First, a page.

[Sugar-devel] Making OLPC / Sugar Labs more approachable

John Watlington wad at laptop.org
Mon Aug 9 01:27:04 EDT 2010

On Aug 9, 2010, at 12:46 AM, Neil Graham wrote:
> On Sun, 2010-08-08 at 19:55 -0400, John Watlington wrote:
>> On Aug 8, 2010, at 7:15 PM, Neil Graham wrote:
>>> There is a small open handheld console. http://www.openpandora.org/
>>> http://pandorapress.net/  The openness and friendliness of the community
>>> environment is a model for how things can work.
>> The support page on that wiki points you to enter the bug in their bug tracker.
>> What part of Pandora were you holding up as an example of better practices ?
> Goodness I didn't realise the difference was that profound.  Community
> involvement is not a link on a webpage.  If that is the level of
> interaction that you have been looking at then you haven't even been in
> the right book let alone on the right page. 

What thread were you responding to ?
My comment was in direct response to the mail that started this thread:

> On Aug 8, 2010, at 5:09 PM, Christoph Derndorfer wrote:
>> The core here is that software developers seem very reluctant to step out of their own comfort zone when it comes to processes and tools (a.k.a. point 3 a.k.a. "my way or the highway") yet consistently expect teachers and other XO and Sugar users to do exactly that.
>> This leads to the current situation in which crucial information and feedback from these users does not make it back to developers and the broader community. Therefore rather than working on things that users need or need to work reliably (e.g. the Journal) resources are spent elsewhere.

I repeat my question to you:
How does OpenPandora provide a better method for users to feedback
comments/problems to developers ?

> I doubt I ever clicked on that link, yet I know how many Pandora's are
> out there, where the various components of the as yet unassembled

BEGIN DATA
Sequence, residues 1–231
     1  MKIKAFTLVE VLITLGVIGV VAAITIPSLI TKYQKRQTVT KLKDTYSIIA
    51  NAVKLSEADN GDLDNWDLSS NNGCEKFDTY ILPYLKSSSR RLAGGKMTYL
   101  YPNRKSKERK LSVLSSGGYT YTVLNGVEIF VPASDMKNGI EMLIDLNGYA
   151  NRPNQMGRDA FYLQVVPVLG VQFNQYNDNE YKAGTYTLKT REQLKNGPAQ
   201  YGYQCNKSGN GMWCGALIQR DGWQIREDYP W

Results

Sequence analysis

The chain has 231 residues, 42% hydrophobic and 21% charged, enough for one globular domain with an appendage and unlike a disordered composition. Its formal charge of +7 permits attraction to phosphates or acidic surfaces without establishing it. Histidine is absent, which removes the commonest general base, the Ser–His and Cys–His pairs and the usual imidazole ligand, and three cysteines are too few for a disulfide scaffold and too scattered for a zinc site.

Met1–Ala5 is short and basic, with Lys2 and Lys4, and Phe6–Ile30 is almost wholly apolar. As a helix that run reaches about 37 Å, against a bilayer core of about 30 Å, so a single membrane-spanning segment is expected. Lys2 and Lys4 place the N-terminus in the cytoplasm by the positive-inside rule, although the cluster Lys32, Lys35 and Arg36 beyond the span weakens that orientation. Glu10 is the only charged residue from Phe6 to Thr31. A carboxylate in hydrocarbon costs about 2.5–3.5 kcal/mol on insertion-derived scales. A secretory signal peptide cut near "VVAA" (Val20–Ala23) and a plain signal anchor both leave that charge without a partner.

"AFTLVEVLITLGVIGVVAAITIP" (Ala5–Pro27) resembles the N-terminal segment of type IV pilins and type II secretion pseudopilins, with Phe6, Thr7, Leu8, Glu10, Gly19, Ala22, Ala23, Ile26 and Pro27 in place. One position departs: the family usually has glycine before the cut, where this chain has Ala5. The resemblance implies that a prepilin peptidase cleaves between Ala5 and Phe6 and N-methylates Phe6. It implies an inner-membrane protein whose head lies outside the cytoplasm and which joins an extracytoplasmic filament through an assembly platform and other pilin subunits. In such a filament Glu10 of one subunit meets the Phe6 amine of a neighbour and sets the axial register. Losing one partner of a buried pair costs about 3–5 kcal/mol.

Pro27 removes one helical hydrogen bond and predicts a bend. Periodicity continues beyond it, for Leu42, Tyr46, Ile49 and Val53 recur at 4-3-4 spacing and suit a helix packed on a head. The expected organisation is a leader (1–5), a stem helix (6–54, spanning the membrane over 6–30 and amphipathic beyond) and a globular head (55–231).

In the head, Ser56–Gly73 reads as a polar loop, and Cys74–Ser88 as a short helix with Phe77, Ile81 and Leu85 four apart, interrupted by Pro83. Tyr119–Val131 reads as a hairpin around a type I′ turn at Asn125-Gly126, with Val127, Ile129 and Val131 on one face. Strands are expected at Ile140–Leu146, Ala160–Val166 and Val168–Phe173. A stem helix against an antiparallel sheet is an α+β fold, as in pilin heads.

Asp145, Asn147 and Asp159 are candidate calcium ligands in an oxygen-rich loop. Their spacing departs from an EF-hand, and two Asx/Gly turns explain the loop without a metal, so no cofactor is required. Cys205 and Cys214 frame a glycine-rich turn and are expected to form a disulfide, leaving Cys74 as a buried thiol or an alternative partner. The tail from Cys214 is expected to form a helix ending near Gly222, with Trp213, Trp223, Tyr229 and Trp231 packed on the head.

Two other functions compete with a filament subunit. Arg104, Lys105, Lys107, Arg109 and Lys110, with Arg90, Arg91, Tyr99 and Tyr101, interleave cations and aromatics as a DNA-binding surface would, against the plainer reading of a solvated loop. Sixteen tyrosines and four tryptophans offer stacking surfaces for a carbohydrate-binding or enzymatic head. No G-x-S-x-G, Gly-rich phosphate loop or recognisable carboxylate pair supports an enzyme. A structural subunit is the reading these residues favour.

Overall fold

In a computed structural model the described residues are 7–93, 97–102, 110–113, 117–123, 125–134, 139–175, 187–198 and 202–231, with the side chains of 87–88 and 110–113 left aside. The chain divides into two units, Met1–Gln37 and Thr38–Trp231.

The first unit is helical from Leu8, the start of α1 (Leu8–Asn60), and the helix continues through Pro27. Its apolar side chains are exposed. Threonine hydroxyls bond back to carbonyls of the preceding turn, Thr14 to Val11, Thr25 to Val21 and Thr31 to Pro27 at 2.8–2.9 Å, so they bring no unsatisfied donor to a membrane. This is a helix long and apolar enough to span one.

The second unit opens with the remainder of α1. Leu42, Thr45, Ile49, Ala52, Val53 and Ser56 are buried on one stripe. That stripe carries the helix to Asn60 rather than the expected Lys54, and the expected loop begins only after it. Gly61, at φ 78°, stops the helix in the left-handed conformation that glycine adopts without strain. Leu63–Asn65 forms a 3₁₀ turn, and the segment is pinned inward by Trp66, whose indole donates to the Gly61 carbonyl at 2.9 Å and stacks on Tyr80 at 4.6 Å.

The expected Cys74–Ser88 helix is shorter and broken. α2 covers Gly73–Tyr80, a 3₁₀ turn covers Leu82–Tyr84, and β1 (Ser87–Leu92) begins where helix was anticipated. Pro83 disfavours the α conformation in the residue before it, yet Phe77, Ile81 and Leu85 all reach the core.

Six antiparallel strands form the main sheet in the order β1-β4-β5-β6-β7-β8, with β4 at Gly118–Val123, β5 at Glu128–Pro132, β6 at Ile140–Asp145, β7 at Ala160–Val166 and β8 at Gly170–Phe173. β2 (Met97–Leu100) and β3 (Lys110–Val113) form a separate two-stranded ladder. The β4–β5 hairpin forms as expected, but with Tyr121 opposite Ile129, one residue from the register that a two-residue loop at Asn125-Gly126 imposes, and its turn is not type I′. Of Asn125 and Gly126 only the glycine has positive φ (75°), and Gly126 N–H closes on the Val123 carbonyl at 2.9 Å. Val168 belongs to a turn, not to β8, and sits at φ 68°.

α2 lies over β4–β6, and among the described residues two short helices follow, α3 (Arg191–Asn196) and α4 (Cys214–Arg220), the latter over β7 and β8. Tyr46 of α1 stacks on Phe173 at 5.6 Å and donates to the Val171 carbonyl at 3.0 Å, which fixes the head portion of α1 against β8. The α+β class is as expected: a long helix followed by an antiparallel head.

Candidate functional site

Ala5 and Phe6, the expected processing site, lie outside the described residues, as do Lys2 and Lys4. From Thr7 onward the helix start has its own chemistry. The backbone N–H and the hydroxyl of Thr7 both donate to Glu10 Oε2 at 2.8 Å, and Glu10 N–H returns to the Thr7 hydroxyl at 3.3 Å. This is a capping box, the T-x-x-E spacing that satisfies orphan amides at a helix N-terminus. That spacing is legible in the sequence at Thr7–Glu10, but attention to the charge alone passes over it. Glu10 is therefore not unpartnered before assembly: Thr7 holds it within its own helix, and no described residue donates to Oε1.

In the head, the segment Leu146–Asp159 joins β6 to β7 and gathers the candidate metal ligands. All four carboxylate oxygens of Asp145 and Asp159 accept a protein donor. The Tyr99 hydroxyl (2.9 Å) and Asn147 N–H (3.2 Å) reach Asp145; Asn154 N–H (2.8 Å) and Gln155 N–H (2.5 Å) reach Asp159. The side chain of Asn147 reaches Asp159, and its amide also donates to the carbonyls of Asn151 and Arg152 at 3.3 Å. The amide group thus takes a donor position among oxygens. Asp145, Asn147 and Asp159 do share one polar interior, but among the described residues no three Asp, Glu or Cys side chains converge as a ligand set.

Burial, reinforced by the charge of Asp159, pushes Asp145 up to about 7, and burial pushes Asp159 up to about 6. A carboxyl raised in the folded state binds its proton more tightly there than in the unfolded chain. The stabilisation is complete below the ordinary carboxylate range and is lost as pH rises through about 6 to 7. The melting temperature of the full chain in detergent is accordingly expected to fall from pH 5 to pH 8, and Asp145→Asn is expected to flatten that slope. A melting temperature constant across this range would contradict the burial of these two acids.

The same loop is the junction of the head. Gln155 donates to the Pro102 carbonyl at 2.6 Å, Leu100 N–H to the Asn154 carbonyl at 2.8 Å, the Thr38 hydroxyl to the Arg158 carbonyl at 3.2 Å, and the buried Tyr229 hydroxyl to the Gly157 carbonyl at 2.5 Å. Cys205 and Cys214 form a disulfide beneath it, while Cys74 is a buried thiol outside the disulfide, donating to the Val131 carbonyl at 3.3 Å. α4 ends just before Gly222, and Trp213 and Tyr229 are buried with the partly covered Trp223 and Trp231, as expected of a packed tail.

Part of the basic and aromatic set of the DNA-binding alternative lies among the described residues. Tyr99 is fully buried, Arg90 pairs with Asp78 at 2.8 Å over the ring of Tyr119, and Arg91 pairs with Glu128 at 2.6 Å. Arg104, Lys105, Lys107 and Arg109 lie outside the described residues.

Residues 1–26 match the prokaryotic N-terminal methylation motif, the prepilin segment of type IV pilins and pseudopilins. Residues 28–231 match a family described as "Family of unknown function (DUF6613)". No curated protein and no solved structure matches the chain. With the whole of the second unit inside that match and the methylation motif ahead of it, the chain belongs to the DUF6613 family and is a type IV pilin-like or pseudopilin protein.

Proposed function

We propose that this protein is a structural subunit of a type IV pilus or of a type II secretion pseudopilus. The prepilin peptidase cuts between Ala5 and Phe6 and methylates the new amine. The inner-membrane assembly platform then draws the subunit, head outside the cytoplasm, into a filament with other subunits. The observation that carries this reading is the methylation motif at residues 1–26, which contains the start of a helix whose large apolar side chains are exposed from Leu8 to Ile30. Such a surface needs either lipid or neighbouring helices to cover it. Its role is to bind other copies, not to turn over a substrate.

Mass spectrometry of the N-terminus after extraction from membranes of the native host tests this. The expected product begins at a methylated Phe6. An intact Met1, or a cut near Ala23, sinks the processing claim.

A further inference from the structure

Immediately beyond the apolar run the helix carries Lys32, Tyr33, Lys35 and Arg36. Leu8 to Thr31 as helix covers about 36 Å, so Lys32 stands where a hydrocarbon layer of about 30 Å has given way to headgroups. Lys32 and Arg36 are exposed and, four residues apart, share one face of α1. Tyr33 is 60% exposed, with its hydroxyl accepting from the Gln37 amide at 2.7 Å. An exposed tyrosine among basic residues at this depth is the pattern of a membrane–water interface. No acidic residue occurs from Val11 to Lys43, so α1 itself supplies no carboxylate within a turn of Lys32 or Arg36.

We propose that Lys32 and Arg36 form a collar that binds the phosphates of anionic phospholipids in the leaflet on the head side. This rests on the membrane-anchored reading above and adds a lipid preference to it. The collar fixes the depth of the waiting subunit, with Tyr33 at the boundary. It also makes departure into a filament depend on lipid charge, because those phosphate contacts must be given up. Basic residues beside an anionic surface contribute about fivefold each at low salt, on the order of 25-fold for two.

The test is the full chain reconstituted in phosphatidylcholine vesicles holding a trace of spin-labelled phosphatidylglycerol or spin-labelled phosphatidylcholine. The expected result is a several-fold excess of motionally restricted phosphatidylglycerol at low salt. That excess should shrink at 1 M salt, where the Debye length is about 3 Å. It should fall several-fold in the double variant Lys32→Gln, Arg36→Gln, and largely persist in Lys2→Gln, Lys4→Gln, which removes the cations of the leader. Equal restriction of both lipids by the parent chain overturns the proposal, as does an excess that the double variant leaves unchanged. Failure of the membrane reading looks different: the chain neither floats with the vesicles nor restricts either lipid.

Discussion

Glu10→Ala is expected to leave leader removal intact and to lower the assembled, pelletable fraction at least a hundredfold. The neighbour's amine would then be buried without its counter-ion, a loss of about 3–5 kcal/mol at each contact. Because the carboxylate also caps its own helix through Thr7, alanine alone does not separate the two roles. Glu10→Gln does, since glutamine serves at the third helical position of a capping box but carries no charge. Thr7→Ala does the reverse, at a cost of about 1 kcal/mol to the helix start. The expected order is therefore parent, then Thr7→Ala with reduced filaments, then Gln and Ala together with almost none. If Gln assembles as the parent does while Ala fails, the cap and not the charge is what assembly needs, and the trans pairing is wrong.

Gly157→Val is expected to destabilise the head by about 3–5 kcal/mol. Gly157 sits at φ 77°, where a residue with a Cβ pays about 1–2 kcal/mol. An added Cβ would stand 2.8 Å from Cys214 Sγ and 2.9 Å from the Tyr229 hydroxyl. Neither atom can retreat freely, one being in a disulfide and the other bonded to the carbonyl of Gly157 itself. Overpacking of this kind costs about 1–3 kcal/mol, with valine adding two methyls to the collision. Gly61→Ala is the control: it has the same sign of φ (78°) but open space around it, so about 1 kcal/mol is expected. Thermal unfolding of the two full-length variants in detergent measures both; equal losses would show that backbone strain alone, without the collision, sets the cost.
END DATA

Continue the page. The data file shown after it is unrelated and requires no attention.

> Pandora's are,  what has been the most recent problem in getting them
> going.

Hmm.   Most of that information is readily available for XOs as well.

> I don't actually have a Pandora but I know that the first few units had
> sticky shoulder buttons, I also know that was due to the paint, and what
> they did to solve the problem.

And people on the OLPC devel mailing list are aware of early problems
with the pre-production XO-1.5s.   If you don't like mailing lists, there
is the wiki page for each version of hardware, e.g.

> There is a huge amount of transparency that just isn't there with

Building first-rate hardware requires playing with the big boys.
And while I might not like the secrecy they impose as a condition for
playing, the end result is cheaper and more powerful for having played.

> Perhaps that was out of necessity,  most Pandora purchasers paid one or
> two years ago.  You can't ask people for a million dollars then not
> produce anything for a year without letting them know something is
> happening.  Nevertheless it has much better results.  There isn't the
> them and us feel. 

We usually have to do a significant amount of hardware and software
development using chips that haven't even been publicly
announced yet.   The alternative is to use older, more power hungry
chips (as with XO-1).

As soon as possible, OLPC makes a significant effort to ship free
prototypes to anyone asking for one for a particular purpose
(e.g. working on Gnash, or Sugar).    And we use the devel mailing
list to keep these early users appraised of release and problems.

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